In an article called The U.S. Supreme Court: Strike Three I reported that in a 5-4 decision a divided Supreme Court ruled Thursday municipalities may bulldoze people’s homes to make way for shopping malls or other private development. This gives local governments broad power to seize private property to generate tax revenue.
Justice John Paul Stevens, writing for the majority, said New London could pursue private development under the Fifth Amendment, which allows governments to take private property if the land is for public use, since the project the city has in mind promises to bring more jobs and revenue.
In a largely symbolic gesture, voters in Supreme Court Justice David Souter’s hometown on Tuesday rejected a proposal to seize his 200-year-old farmhouse as payback for a ruling that expanded government’s authority to take property.
Even though voters overwhelmingly agreed to leave Souter’s home alone, it would have been safe whatever the outcome.
The vote was prompted by activists angered by the Supreme Court’s 5-4 decision last year in a property rights case from Connecticut. Souter sided with the majority in holding that governments can take property and turn it over to private developers.
Originally, the ballot measure called for the seizure of Souter’s home so that it could be turned into an inn called the Lost Liberty Hotel. But at a town meeting in February, residents of this town of 8,500 watered down the language.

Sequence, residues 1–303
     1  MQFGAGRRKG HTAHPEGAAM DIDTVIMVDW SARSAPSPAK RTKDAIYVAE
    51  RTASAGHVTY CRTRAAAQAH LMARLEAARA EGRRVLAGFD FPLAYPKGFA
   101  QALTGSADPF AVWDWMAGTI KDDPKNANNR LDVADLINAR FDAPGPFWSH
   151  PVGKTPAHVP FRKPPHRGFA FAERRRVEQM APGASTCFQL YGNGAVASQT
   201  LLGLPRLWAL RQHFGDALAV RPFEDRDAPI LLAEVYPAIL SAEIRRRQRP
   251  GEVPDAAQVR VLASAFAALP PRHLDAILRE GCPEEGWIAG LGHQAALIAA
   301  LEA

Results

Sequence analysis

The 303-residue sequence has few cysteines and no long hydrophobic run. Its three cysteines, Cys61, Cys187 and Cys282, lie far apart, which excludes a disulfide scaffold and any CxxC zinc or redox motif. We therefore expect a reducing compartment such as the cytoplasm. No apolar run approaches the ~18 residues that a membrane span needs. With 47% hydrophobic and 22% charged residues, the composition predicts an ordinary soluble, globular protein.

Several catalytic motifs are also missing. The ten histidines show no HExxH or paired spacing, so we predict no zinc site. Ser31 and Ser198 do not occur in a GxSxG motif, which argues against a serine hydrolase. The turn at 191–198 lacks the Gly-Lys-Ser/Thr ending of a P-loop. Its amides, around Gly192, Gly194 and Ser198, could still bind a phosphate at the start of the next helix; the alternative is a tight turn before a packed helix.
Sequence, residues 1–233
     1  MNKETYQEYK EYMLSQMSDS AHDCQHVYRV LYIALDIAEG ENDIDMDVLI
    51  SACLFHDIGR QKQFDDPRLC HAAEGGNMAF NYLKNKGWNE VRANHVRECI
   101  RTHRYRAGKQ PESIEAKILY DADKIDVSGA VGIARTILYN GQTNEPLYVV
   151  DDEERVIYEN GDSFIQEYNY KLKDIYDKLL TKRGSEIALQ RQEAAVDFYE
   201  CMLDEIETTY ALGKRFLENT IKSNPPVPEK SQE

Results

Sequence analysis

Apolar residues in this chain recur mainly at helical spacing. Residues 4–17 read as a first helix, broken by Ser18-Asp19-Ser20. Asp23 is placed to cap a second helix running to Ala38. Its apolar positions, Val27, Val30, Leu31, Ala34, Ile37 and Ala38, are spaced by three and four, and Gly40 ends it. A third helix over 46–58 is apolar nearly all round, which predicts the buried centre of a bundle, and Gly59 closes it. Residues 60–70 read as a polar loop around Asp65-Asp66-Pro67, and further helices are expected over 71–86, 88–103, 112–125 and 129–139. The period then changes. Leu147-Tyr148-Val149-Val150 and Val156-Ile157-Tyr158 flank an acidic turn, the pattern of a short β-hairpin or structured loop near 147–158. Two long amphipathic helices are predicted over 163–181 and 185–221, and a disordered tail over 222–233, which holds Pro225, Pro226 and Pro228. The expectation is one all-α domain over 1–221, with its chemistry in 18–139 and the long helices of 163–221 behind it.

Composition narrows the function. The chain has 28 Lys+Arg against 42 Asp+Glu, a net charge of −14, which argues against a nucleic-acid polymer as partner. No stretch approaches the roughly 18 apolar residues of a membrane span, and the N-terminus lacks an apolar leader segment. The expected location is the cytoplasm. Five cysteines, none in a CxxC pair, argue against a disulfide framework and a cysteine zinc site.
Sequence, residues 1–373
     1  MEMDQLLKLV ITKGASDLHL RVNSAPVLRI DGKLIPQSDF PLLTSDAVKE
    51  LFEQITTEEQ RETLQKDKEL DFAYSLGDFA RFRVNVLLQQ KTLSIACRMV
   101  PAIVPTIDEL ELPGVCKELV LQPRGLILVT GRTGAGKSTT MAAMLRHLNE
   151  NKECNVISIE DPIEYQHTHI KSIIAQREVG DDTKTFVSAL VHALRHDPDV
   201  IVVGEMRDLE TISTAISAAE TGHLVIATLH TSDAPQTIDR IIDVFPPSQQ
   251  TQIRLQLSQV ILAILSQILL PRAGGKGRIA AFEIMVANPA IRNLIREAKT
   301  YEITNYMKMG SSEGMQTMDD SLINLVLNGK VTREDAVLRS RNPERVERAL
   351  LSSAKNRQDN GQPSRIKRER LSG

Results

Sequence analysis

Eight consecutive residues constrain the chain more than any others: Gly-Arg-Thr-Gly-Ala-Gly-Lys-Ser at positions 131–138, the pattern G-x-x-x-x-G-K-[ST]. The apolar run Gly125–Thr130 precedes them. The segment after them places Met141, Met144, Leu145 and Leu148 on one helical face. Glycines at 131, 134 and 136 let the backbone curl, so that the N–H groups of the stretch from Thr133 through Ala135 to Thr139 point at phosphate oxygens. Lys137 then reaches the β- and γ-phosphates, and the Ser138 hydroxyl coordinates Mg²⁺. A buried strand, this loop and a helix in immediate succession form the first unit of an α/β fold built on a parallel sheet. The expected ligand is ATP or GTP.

Voters decided 1,167 to 493 in favor of the reworded measure that asked the Board of Selectmen not to use their power of eminent domain to take the farmhouse, and instead urged New Hampshire to adopt a law that forbids seizures of the sort sanctioned by the Supreme Court.
“It makes Souter the only person in the United States that would be given special protection against his own ruling,” said Logan Darrow Clements of Los Angeles, a businessman who led the campaign to evict Souter.
Souter has not commented on the matter.
Two of the major players pushing for the seizure of Souter’s home also lost their bids for the five-member Board of Selectmen on Tuesday.
Hat Tip: Reader John Burns
This Eminent Domain debate is a major issue that needs to be dealt with quickly. People are losing their homes all over the country right now to commercial development; this is wrong.
When Thomas Jefferson used the words the Pursuit of Happiness in the Declaration of Independence he was directly referring to the right to own private property. First came property tax which made us all renters on our own private property and now the use of Eminent Domain to steal private property from private property owners to give to another individual for commercial development under the excuse it will bring in increased tax revenues and create jobs. I cannot find anything in the Constitution to back up this right. The Fifth Amendment clearly states for PUBLIC USE, not private use. The fallout of the Kelo decision has continued ever since.
A Google search of Eminent Domain yields 12,000,000 hits and a Google News Search yields 2,850 stories. That is up almost 800 news stories since I last reported on it in December. Do you still think it is much ado about nothing?
This doesn’t bother those on the Left because they think private property acquisition yields inequalities and is wrong. That would be because they are communists, under one label or another, and they believe in the re-distribution of wealth.
The cockroaches in Congress have done nothing substantive to protect our private property rights, and you should let them know how you feel about it.